Carl Sagan Day
Today is the 78th anniversary of Carl Sagan’s birth in 1934. I remember watching Cosmos on PBS as a young child, and Contact was one of the first adult science fiction novels I read outside the Star Wars universe. In addition to being a dinosaur freak at an early age, I was very much into cosmology and astronomy and Cosmos is probably partly responsible. (Before my parents bought into the lies of creationism full-force I was freely allowed to watch such things. Even after they did so, they didn’t seem to monitor what I watched or read in this regard. PBS has always been a mainstay in their household, even to this day. If something they are watching mentions the age of the earth or the process of evolution they might laugh and make a snide remark about it, but they generally don’t stop watching.)
Since discarding religious beliefs and becoming an atheist I’ve read “Demon Haunted World” which I found beautiful. To those who say that we need the hope and ritual of religion to properly appreciate and enjoy life I suggest you check out the Cosmos series, or read the book, or read “Demon Haunted World”. There is much wonder to be held in the natural world. Far more, I think, than you can ever gain through believing in myths. There is so much beauty in the way life has evolved on our planet and the way the universe functions and looks. Thank you, Mr. Sagan, for helping to inspire the love of the cosmos, science, and rational thinking in the minds of myself and so many others.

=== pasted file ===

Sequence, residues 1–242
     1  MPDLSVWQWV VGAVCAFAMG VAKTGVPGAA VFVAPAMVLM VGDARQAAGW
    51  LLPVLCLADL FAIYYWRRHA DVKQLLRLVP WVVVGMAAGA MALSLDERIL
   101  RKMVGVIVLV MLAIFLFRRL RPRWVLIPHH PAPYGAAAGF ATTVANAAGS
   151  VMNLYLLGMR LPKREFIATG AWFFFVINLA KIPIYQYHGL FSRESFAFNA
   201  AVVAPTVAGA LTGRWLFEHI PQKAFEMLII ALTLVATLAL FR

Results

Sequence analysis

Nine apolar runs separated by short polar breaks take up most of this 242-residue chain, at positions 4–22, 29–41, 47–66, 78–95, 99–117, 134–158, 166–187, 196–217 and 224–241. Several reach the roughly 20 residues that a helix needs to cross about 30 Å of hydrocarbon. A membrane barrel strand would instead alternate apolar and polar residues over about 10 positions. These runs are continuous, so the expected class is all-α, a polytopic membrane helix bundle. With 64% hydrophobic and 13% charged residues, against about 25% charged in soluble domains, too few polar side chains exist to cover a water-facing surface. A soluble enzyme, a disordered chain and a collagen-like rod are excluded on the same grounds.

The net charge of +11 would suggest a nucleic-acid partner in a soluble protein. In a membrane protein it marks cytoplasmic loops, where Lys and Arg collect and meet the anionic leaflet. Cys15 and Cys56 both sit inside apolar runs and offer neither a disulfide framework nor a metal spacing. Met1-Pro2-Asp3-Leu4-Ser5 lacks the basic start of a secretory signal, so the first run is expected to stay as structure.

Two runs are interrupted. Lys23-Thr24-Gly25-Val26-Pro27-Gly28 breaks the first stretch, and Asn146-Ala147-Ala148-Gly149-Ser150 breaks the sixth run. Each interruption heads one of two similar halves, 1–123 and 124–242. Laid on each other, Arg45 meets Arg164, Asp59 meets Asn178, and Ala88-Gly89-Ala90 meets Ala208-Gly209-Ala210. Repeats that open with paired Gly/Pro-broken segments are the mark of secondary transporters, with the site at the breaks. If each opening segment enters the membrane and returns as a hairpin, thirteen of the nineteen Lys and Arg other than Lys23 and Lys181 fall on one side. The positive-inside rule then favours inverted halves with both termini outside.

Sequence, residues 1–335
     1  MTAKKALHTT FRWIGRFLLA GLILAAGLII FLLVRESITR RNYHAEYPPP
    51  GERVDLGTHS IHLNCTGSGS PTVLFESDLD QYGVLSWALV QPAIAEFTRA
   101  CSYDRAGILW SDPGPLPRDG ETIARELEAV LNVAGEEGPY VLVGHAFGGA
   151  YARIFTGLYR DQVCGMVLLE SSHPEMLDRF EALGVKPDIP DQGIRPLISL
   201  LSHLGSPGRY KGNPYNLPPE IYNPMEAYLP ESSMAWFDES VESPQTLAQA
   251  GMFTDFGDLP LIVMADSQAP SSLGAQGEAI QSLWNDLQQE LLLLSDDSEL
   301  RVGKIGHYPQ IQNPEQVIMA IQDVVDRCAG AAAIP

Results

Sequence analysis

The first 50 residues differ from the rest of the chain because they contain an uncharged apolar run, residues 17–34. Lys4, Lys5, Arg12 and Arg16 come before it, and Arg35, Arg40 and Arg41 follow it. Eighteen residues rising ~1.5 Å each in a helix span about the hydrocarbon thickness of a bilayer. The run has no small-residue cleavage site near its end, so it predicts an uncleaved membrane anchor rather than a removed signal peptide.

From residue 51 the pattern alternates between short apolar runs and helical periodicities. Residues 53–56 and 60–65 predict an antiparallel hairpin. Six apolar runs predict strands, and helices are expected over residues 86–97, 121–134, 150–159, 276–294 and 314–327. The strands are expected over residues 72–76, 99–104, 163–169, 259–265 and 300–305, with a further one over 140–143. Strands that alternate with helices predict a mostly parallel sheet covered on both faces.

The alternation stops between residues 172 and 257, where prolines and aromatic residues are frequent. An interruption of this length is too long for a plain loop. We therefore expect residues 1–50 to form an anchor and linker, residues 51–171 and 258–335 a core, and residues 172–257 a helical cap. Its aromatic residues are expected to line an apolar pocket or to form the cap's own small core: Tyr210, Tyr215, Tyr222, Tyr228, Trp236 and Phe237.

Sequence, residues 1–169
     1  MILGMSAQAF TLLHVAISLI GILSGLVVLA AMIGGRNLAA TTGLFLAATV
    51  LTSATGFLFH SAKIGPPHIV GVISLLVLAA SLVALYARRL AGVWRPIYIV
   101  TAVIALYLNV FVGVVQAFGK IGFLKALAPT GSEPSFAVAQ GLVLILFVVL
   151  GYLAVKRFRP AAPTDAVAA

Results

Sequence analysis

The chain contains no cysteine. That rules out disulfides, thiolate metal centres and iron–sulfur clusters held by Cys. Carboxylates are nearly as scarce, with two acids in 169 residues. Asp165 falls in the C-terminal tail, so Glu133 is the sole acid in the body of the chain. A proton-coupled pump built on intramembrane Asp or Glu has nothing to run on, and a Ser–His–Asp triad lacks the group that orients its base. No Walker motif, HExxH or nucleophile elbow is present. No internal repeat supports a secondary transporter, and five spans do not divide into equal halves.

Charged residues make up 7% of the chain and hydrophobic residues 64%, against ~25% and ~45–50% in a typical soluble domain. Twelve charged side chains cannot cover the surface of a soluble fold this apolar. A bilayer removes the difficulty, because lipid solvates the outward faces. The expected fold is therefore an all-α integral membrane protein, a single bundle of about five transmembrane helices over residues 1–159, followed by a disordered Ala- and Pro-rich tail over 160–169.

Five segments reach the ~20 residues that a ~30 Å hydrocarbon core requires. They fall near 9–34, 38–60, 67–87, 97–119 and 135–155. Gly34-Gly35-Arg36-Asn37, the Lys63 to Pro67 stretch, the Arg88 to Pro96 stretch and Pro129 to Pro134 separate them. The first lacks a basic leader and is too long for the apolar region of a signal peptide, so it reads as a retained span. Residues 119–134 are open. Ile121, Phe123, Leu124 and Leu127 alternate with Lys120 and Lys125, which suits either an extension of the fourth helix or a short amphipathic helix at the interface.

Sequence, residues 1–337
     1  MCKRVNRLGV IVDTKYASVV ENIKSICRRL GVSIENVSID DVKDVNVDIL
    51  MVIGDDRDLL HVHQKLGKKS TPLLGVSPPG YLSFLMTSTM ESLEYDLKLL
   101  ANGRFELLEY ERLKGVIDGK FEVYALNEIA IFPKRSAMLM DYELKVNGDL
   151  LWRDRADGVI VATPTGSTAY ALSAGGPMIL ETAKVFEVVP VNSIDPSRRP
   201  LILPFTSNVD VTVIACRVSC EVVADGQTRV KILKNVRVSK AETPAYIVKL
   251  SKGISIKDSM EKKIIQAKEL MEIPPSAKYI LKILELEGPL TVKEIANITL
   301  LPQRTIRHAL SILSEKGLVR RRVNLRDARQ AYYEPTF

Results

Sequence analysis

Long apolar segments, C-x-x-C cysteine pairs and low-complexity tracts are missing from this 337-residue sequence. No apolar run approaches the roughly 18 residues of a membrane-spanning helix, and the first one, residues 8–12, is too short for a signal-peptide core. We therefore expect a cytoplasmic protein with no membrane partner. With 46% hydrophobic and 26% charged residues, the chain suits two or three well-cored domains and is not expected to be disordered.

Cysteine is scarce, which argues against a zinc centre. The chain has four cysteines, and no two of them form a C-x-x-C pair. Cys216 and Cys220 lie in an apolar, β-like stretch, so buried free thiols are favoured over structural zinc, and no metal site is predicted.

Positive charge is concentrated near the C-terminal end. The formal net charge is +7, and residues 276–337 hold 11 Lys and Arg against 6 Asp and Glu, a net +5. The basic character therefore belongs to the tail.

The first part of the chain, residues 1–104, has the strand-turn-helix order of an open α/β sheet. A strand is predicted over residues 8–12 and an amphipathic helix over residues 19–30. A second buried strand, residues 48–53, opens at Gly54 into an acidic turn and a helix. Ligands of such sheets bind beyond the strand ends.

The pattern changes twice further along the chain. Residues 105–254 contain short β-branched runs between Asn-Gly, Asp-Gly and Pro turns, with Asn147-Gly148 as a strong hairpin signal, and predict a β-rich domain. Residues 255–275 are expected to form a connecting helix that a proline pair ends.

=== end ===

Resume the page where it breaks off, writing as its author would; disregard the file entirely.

The size and age of the Cosmos are beyond ordinary human understanding. Lost somewhere between immensity and eternity is our tiny planetary home. In a cosmic perspective, most human concerns seem insignificant, even petty. And yet our species is young and curious and brave and shows much promise. In the last few millennia we have made the most astonishing and unexpected discoveries about the Cosmos and our place within it, explorations that are exhilarating to consider. They remind us that humans have evolved to wonder, that understanding is a joy, that knowledge is prerequisite to survival. I believe our future depends powerfully on how well we understand this Cosmos in which we float like a mote of dust in the morning sky. – Carl Sagan, Cosmos.
It is sometimes said that scientists are unromantic, that their passion to figure out robs the world of beauty and mystery. But is it not stirring to understand how the world actually works — that white light is made of colors, that color is the way we perceive the wavelengths of light, that transparent air reflects light, that in so doing it discriminates among the waves, and that the sky is blue for the same reason that the sunset is red? It does no harm to the romance of the sunset to know a little bit about it. – Carl Sagan, Pale Blue Dot
- Introducing the Cosmos Rewatch: Welcome Back, Carl Sagan (tor.com)
- Happy Carl Sagan Day! (thefinchandpea.com)
- Remembering Carl Sagan (universetoday.com)
- Carl Sagan Day (centerforinquiry.net)
- The Freedom of Nonbelief: Carl Sagan Day (timbrannan.blogspot.com)